The man who signed "The Big Three", ex-Melbourne coach Mark Murray, reckons the Storm no longer rely on them ahead of the NRL grand final against North Queensland.
Murray lasted two seasons at the Melbourne helm before Craig Bellamy took over in 2003.
However, the former Queensland halfback still left a lasting legacy after snapping up Cameron Smith, Billy Slater and Cooper Cronk with then Storm talent scout Anthony Griffin.
Seventeen years after they first arrived at Storm feeder club Brisbane Norths, the trio will play for the final time in the season decider tonight at ANZ Stadium in Sydney.
Murray has kept a close interest on his discoveries since his Storm departure in 2002. And he said life after the future Immortals appeared bright at Melbourne.
Murray said the emergence of teen sensation Curtis Scott, wings Josh Addo-Carr and Suliasi Vunivalu, and a dominant pack ensured the Storm's depth had never been better as they vie for a third official premiership.
"There had been a reliance on the Big Three since Greg Inglis left [in 2011] but now there is quality across the group," Murray said.
"Guys like Scott, their two wingers, Cameron Munster, Will Chambers, their forwards are stronger than they have been. They are dangerous across the park."
Not that he expected skipper Smith to retire any time soon.
Cronk's future is up in the air after announcing he will leave at season's end to be with his fiancee in Sydney.
Slater is yet to decide whether he will play on next year after overcoming serious shoulder issues.
And Smith? Murray hopes to be admiring the 34-year-old from afar for years to come.
There has been a lot to admire of late. Smith this week became the oldest Dally M Medal winner in a year in which he broke Darren Lockyer's record for most NRL games played and was the first to crack 40 State of Origin games.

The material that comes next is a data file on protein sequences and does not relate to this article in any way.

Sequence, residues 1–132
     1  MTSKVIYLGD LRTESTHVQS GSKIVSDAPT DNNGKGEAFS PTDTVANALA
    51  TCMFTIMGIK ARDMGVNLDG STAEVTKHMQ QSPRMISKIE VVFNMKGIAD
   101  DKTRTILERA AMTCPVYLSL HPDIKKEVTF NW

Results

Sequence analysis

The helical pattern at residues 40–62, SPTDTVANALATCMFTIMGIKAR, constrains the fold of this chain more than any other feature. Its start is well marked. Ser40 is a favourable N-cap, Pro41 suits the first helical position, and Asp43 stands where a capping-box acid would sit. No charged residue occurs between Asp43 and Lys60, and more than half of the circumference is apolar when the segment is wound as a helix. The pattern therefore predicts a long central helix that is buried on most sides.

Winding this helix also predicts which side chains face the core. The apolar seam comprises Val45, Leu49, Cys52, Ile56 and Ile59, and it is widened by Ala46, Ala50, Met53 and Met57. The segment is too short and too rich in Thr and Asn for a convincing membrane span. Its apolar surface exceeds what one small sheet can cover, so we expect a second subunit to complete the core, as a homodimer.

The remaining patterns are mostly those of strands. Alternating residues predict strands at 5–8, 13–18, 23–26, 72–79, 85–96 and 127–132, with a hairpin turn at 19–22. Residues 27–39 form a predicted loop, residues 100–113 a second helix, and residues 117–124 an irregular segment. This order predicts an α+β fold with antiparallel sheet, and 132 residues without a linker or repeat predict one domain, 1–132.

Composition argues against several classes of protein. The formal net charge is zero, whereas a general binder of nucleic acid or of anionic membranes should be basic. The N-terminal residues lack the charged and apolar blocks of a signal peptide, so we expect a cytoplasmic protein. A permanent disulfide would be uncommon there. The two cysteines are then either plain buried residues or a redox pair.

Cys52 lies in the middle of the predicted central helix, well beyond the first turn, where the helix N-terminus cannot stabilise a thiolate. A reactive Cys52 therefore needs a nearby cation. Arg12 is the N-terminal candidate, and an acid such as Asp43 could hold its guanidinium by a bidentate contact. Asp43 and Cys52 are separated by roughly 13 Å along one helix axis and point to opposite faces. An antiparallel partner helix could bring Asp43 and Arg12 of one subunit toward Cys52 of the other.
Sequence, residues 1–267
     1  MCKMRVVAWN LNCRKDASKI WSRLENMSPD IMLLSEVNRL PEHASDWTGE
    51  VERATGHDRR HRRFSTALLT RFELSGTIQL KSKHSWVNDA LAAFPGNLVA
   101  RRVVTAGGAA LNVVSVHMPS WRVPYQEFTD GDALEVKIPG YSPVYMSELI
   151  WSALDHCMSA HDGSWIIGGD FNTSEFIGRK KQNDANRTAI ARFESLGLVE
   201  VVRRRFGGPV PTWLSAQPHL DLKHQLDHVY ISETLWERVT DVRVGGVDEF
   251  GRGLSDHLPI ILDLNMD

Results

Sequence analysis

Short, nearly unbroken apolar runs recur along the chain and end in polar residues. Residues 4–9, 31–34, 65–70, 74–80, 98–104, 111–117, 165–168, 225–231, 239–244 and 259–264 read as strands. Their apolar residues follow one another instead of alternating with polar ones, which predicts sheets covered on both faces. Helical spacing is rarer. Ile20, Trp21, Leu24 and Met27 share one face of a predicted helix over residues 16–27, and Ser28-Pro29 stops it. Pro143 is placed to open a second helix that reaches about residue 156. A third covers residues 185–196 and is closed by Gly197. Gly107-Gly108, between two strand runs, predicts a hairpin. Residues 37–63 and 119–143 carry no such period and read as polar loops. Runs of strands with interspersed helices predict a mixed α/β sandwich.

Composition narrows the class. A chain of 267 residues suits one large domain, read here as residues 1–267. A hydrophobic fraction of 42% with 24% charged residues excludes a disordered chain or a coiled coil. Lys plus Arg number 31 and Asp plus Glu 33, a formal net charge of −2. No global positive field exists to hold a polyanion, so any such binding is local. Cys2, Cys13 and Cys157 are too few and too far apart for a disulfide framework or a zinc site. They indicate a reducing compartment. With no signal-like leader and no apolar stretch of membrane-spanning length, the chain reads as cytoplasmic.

"I can't see an end, not the way he is playing," Murray said of Smith.
"He is playing smarter. And he's durable. He's no Mr Universe but he is well put together.
"The only way I can see him stop playing is mental fatigue.
"Billy relies more on the physical side. If he stays healthy, he may play on."
Murray reckoned identifying the Big Three was the easy bit back then. That's why he is marvelling at what the trio have become under his successor Bellamy all these years later.
"I have watched them run around for the Storm, Queensland and Australia with more keen interest than others because of my early involvement with them," he said.
"It was a mix of good luck and good advice; credit has to go to Anthony Griffin, who was the first point of contact.
"Anyone can spot football talent. Grandma in the third row can tell who is the best player. It's what you do with it.
"And sometimes there are discipline issues. But usually if you are a mug on the field, you are one off it; it goes hand in hand."
And Murray's grand final tip?
"The Cowboys have been extremely brave to be in the position that they are in but playing Melbourne is a different proposition," he said. "If they stay within six points of Melbourne by the 60th minute, it will go down to the wire. If not, the scoreline may blow out like last weekend against the Broncos [30-0]."